The informal lock on Western domination of the Bretton Woods institutions continues without much challenge. It is reported that both China and India supported the selection of Dr. Kim, apparently not wanting to alter expectations about the locus of global economic leadership, and even Russia and Mexico apparently voted for the American candidate (the votes are cast by secret ballot, and so their attribution is based on leaks and speculation). It seems that the geopolitical comfort level of the BRIC countries remains largely accommodationist in character, suggesting that decolonizing the mind of the global South has a long way to go. It would seem almost self-evident that the informal power/prestige sharing that might have appeared natural in 1945, when access to American capital markets were crucial for the success of international financial initiatives should no longer govern behavior more than 65 years later when the United States is close to being a failed state when it comes to financial viability having even suffered the indignity of having its credit rating downgraded by an independent market-oriented private agency. As it is, despite broadening the G-8 to the G-20 with regard to some global economic issues, the governance of the world economy remains determinedly neoliberal and West-centric, and for this reason less than legitimate, especially when consideration is given to widening disparities of wealth and income within and between countries and the persistence of high levels of deep poverty and material deprivation. The geopolitical passivity of the BRICs is not encouraging from the perspective either of the wellbeing of the peoples of the world or the prospects for global democracy. It is notable that such passivity is also evident in other policy domains: climate change, control of nuclear weaponry and even recourse to military intervention (the most that BRIC countries were willing to do to express their opposition to the NATO intervention in Libya was to abstain when it came to the crucial March 2011 vote in the Security Council, although Russia and China having been deceived in the Libyan setting have refused to go along with R2P approach in the Syrian context).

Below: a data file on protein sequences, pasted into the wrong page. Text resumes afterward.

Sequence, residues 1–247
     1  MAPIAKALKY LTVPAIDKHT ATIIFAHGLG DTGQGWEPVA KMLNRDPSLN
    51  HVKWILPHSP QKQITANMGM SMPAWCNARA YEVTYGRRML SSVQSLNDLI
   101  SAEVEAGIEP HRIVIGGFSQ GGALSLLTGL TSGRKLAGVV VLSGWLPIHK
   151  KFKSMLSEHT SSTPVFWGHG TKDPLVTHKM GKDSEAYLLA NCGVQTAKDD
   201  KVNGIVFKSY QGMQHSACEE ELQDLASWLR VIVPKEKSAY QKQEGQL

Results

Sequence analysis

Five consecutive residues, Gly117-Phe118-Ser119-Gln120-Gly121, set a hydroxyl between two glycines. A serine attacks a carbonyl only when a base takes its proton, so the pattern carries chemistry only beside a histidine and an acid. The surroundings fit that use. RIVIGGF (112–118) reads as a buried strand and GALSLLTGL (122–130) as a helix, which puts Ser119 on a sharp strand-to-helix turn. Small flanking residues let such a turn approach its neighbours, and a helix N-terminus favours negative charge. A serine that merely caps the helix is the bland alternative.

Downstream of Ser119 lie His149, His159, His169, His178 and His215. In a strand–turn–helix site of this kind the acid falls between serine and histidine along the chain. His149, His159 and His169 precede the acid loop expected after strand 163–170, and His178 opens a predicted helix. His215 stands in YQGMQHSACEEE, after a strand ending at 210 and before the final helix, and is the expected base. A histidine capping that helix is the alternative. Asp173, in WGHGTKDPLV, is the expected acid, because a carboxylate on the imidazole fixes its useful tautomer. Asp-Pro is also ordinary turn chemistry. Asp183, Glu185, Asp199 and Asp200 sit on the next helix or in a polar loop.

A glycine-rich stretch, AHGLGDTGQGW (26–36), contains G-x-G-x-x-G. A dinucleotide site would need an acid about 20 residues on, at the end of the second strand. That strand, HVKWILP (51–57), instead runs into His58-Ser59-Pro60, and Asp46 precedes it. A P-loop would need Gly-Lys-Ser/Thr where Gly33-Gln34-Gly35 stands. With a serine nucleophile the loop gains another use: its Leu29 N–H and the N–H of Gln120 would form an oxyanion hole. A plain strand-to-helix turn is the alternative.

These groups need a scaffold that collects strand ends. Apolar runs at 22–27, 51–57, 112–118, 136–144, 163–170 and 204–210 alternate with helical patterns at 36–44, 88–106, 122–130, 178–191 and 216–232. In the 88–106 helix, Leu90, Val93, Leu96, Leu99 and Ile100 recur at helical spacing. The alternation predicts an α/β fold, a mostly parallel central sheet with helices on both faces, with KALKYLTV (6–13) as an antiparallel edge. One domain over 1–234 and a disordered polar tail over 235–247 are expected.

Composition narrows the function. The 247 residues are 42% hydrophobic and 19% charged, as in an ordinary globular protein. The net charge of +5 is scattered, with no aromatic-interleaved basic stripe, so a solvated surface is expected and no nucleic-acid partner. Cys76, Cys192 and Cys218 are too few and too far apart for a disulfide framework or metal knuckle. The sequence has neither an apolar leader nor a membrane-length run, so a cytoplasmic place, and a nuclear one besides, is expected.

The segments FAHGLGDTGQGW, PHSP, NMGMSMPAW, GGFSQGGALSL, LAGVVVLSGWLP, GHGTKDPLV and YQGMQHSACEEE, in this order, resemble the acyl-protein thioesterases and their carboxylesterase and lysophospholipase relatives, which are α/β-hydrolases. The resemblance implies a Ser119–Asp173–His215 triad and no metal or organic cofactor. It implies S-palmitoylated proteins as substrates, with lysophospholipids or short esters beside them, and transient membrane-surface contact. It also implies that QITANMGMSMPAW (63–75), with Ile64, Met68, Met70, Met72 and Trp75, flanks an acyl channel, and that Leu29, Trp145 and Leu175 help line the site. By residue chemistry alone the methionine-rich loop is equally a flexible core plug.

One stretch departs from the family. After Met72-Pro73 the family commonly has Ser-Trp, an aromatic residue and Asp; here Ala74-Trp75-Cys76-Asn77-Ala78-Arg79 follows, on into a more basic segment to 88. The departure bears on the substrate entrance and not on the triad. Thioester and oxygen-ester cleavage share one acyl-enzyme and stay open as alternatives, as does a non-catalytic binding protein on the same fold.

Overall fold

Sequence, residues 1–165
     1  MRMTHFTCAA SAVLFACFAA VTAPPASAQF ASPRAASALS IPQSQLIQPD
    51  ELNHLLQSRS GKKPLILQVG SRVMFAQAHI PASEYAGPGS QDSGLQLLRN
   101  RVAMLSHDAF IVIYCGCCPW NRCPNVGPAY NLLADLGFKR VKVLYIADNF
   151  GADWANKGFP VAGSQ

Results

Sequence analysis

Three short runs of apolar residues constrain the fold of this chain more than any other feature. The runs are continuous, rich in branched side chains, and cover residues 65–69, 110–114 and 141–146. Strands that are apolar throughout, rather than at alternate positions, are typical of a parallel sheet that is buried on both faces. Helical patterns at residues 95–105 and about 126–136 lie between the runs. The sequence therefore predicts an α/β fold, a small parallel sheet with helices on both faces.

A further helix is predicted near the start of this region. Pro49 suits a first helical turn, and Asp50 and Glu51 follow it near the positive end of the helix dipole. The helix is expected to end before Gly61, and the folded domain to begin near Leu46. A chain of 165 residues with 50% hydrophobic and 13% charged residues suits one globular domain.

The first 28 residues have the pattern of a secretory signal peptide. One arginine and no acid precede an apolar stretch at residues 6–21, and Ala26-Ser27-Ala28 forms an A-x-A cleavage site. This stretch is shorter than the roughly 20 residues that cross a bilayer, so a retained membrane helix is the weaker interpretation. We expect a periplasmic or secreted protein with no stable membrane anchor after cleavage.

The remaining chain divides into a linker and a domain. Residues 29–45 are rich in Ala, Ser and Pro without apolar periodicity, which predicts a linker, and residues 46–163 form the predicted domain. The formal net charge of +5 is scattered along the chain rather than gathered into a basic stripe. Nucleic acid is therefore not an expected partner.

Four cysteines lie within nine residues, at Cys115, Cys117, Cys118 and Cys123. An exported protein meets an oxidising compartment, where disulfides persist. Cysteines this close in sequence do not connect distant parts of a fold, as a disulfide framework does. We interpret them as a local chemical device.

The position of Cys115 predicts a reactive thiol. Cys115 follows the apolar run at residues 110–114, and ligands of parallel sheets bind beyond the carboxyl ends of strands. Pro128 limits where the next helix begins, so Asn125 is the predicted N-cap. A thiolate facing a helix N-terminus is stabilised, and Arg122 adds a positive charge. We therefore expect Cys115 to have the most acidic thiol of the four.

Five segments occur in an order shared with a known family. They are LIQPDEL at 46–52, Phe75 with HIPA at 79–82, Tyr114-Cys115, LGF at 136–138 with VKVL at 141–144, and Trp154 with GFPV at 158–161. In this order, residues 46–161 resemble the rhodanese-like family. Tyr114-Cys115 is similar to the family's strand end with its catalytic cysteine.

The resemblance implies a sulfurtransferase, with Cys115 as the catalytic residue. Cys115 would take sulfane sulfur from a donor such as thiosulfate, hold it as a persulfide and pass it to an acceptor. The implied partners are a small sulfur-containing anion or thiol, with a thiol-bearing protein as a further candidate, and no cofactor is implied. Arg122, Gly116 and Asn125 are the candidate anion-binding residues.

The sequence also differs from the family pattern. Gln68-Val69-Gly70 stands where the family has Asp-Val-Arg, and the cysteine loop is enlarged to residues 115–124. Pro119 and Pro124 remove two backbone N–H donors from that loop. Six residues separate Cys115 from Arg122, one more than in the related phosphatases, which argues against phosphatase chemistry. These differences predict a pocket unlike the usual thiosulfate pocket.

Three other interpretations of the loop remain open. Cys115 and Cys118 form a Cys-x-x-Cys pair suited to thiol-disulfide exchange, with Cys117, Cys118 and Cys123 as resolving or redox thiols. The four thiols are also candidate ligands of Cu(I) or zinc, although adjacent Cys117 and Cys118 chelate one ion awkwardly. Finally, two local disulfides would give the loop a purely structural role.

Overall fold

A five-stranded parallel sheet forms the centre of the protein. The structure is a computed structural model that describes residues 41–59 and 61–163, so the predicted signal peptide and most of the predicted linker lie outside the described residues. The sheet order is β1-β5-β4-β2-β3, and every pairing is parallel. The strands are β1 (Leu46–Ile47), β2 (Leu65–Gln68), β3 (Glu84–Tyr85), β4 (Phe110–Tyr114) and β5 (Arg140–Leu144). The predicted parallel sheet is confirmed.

Undoubtedly, the most vivid institutional effort to achieve global reform that reflects the world we now live in rather than the one that existed at the end of World War II, when most of the non-West was formally or informally operating under Western surveillance and control, has been the endlessly frustrating struggle to broaden and reconstitute the membership in the UN Security Council. It is scandalously anachronistic that the United Kingdom and France, at best secondary countries in the present global hierarchy, both hold permanent seats in the Security Council and enjoy a veto right, while countries such as Brazil, India, Nigeria, Indonesia, Pakistan, and Turkey must compete for the nine seats with two-year terms that are shared with the other 189 members of the UN. It is not only a problem of representation for important states, but also the fact that there is no Muslim or Hindu majority state that is permanently represented in the supposedly global body. At least with the UN there is an excuse that the Charter makes amendments almost impossible, prescribing that there must be total acquiescence in any change in the composition of the Security Council by all five of its permanent members, as well as two-thirds of the overall membership. I suppose it is far too much to expect that France and the UK would accept a single rotating European permanent seat, and relinquish their dysfunctional separate membership on the Council. In the meantime, the UN System is largely frozen in time, and the world is deprived of a more legitimate and effective global problem-solving capability that is desperately needed at this time.
It is important to move toward the achievement of global democracy for the sake of both global policymaking and the overall legitimacy of world order. To move away from violent geopolitics, acknowledging changes in the status of governments by reliance on soft power criteria leadership of international institutions has never been more useful. From this perspective the selection of Dr. Kim, even if he lives up to his considerable potential for a turn toward global empathy, is one more lost opportunity to move beyond the West-centric structuring of world order after World War II.